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Daniel Deronda

Chapter 41
"This, too is probable, according to that saying of Agathon: 'It is a part of
probability that many improbable things will happen.'" --ARISTOTLE: Poetics.
Imagine the conflict in a mind like Deronda's given not only to feel strongly but to
question actively, on the evening after the interview with Mordecai. To a young
man of much duller susceptibilities the adventure might have seemed enough out
of the common way to divide his thoughts; but it had stirred Deronda so deeply,
that with the usual reaction of his intellect he began to examine the grounds of
his emotion, and consider how far he must resist its guidance. The
consciousness that he was half dominated by Mordecai's energetic certitude, and
still more by his fervent trust, roused his alarm. It was his characteristic bias to
shrink from the moral stupidity of valuing lightly what had come close to him, and
of missing blindly in his own life of to-day the crisis which he recognized as
momentous and sacred in the historic life of men. If he had read of this incident
as having happened centuries ago in Rome, Greece, Asia Minor, Palestine,
Cairo, to some man young as himself, dissatisfied with his neutral life, and
wanting some closer fellowship, some more special duty to give him ardor for the
possible consequences of his work, it would have appeared to him quite natural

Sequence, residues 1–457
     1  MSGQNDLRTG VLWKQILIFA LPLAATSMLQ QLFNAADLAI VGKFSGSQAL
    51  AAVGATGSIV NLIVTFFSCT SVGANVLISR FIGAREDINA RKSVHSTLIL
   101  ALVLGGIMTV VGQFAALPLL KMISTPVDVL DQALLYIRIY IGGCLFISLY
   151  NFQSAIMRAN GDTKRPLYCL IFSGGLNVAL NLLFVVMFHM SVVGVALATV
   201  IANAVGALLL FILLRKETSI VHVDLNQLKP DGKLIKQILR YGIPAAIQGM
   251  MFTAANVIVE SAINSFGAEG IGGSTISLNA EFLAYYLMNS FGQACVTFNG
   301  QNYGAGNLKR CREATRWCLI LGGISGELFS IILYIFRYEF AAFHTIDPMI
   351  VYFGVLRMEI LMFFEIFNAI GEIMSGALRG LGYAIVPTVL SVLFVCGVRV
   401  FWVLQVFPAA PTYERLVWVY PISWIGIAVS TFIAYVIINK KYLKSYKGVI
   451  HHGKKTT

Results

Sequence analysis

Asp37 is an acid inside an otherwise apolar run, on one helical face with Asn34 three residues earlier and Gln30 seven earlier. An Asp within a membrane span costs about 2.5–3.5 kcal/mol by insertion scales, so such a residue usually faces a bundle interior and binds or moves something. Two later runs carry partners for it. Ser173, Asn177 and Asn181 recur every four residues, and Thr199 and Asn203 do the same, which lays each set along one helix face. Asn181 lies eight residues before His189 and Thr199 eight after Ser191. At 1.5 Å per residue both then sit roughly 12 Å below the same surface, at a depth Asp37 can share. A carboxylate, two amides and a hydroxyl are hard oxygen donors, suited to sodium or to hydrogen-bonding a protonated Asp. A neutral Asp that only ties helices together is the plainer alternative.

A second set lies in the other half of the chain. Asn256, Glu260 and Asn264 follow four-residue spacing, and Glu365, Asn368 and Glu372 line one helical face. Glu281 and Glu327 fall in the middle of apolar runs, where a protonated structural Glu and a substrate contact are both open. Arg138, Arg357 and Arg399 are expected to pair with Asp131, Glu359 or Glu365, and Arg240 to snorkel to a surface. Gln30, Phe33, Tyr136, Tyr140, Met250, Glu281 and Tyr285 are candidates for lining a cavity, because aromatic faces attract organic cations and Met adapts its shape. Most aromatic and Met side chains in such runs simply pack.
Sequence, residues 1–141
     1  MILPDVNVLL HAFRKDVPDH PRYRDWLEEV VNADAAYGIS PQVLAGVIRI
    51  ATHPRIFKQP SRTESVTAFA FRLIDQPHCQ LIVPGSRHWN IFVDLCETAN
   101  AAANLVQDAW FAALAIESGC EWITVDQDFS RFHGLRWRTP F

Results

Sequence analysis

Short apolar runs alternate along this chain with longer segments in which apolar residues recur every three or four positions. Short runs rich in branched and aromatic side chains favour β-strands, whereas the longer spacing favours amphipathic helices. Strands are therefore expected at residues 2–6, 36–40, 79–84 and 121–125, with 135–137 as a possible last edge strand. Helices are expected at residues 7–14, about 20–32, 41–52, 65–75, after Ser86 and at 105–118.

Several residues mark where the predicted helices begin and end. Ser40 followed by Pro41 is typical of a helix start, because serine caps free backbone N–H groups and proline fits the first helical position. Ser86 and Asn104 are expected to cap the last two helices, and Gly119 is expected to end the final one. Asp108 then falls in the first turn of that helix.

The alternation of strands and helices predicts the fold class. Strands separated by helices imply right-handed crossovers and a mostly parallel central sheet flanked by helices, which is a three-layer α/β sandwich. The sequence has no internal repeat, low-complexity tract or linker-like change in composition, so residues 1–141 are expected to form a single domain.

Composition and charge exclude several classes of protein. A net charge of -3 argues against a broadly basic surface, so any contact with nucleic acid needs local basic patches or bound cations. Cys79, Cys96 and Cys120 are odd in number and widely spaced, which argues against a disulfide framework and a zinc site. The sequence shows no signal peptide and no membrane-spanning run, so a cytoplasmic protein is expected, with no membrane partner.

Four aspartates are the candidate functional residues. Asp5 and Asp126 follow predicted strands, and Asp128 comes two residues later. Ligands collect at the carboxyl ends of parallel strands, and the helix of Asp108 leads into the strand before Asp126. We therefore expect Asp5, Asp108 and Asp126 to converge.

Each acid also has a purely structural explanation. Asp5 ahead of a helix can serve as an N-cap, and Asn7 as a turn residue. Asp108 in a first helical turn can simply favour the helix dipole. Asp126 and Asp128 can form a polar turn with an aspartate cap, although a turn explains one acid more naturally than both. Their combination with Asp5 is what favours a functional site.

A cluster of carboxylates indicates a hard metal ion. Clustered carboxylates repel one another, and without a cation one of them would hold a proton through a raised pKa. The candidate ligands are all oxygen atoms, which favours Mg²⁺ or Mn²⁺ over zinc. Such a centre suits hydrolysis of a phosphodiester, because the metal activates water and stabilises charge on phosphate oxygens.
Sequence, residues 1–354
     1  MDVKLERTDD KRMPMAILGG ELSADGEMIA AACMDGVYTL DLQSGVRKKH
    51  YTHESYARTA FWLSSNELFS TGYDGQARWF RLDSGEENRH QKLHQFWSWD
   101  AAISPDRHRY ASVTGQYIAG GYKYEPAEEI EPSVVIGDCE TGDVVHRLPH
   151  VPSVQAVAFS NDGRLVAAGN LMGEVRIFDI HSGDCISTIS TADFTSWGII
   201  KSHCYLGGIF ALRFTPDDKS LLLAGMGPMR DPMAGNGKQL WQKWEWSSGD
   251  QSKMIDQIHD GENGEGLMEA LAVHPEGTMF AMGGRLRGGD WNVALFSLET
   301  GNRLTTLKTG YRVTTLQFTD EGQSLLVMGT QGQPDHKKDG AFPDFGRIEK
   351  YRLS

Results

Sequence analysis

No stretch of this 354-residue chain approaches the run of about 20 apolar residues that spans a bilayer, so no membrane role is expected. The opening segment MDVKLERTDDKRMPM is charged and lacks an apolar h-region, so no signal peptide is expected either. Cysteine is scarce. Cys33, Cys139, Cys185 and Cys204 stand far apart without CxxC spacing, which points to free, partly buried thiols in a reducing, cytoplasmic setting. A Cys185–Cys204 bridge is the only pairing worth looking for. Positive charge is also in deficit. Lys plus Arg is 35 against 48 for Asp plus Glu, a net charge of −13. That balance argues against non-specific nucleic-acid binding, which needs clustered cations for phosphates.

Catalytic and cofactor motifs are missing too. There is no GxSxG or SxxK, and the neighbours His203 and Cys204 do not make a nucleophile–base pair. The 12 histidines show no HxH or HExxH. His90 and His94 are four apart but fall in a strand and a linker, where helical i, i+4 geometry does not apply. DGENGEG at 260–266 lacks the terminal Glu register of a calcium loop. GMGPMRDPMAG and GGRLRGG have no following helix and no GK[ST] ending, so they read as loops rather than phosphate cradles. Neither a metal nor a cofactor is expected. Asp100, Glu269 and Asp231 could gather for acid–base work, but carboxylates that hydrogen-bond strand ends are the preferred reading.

that the incident should have created a deep impression on that far-off man,
whose clothing and action would have been seen in his imagination as part of an
age chiefly known to us through its more serious effects. Why should he be
ashamed of his own agitated feeling merely because he dressed for dinner, wore
a white tie, and lived among people who might laugh at his owning any
conscience in the matter, as the solemn folly of taking himself to seriously?--that
bugbear of circles in which the lack of grave emotion passes for wit. From such
cowardice before modish ignorance and obtuseness, Deronda shrank. But he
also shrank from having his course determined by mere contagion, without
consent of reason; or from allowing a reverential pity for spiritual struggle to hurry
him along a dimly-seen path.
What, after all, had really happened? He knew quite accurately the answer Sir
Hugo would have given: "A consumptive Jew, possessed by a fanaticism which
obstacles and hastening death intensified, had fixed on Deronda as the antitype
of some visionary image, the offspring of wedded hope and despair: despair of
his own life, irrepressible hope in the propagation of his fanatical beliefs. The
instance was perhaps odd, exceptional in its form, but substantially it was not
rare. Fanaticism was not so common as bankruptcy, but taken in all its aspects it
was abundant enough. While Mordecai was waiting on the bridge for the
fulfillment of his visions, another man was convinced that he had the
mathematical key of the universe which would supersede Newton, and regarded
all known physicists as conspiring to stifle his discovery and keep the universe
locked; another, that he had the metaphysical key, with just that hair's-breadth of